A "plastic soup" of waste floating in the Pacific Ocean is growing at an alarming rate and now covers an area twice the size of the continental United States, scientists have said.
The vast expanse of debris – in effect the world's largest rubbish dump – is held in place by swirling underwater currents. This drifting "soup" stretches from about 500 nautical miles off the Californian coast, across the northern Pacific, past Hawaii and almost as far as Japan.
Charles Moore, an American oceanographer who discovered the "Great Pacific Garbage Patch" or "trash vortex", believes that about 100 million tons of flotsam are circulating in the region. Marcus Eriksen, a research director of the US-based Algalita Marine Research Foundation, which Mr Moore founded, said yesterday: "The original idea that people had was that it was an island of plastic garbage that you could almost walk on. It is not quite like that. It is almost like a plastic soup. It is endless for an area that is maybe twice the size as continental United States."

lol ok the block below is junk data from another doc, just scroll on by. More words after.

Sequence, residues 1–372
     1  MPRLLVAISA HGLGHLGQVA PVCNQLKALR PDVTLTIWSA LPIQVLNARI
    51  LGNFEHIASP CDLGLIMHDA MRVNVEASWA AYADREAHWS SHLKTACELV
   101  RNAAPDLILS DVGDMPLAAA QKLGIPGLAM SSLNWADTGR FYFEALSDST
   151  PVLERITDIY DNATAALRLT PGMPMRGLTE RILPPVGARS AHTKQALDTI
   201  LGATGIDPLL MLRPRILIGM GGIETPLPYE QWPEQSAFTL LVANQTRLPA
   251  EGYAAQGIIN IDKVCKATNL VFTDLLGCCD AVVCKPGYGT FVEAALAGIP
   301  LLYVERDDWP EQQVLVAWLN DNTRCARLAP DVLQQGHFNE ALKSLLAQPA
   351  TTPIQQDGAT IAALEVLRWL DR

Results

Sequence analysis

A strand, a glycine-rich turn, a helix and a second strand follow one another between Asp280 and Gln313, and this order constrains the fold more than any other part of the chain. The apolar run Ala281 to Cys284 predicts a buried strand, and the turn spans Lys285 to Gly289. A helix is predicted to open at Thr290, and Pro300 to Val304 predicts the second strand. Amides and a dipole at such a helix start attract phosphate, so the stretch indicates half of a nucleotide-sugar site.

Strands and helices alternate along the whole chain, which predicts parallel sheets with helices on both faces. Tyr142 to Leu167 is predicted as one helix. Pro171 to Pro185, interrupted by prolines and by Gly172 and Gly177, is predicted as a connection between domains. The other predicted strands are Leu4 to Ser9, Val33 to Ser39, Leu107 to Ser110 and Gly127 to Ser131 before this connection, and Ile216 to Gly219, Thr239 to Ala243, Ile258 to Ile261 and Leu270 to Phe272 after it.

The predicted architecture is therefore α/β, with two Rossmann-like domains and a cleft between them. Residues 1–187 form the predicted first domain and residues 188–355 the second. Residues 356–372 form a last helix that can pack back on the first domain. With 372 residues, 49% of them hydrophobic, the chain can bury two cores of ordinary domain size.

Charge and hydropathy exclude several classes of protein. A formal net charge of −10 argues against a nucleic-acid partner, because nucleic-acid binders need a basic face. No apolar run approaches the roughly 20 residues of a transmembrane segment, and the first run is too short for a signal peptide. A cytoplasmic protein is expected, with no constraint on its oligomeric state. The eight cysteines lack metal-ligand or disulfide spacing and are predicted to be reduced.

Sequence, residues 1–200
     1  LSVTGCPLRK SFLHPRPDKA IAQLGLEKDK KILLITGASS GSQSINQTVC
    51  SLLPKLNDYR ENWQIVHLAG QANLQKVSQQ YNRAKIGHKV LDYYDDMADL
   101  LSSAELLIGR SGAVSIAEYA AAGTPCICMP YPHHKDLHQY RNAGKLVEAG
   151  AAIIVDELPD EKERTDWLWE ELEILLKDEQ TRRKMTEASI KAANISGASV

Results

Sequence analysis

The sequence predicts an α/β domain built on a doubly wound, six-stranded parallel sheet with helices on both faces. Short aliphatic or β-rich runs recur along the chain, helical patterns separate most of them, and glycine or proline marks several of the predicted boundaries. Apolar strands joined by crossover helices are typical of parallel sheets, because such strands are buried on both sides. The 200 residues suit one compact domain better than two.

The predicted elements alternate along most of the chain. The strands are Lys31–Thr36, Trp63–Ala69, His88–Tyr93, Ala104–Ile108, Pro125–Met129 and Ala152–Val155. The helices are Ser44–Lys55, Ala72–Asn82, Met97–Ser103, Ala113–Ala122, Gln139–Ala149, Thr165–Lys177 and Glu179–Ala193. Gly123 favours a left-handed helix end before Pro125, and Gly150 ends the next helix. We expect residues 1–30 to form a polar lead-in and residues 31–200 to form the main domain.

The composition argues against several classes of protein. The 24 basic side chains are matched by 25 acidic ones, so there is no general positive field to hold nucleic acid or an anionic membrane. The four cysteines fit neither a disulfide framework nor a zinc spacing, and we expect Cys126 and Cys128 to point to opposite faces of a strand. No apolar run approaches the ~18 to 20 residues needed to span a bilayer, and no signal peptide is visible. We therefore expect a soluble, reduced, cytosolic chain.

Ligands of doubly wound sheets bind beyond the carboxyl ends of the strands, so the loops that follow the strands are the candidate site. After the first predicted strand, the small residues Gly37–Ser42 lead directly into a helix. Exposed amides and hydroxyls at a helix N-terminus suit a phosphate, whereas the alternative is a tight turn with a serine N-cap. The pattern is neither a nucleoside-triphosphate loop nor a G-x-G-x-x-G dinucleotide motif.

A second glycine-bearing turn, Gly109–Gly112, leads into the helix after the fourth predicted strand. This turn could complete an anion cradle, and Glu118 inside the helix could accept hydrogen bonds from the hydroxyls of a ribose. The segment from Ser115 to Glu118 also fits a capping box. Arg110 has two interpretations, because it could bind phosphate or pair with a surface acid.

Curtis Ebbesmeyer, an oceanographer and leading authority on flotsam, has tracked the build-up of plastics in the seas for more than 15 years and compares the trash vortex to a living entity: "It moves around like a big animal without a leash." When that animal comes close to land, as it does at the Hawaiian archipelago, the results are dramatic. "The garbage patch barfs, and you get a beach covered with this confetti of plastic," he added.
♠ Posted by Emmanuel in Environment at 2/06/2008 10:34:00 PMI was perusing the Independent website when I came across this article expressing concern about growing mounds of plastic circulating in the Pacific Ocean. Truly scary stuff and a warning about the unmitigated use of plastics. These things do not simply vanish into the ether; what you throw out eventually ends up somewhere when it comes to non-biodegradable plastics: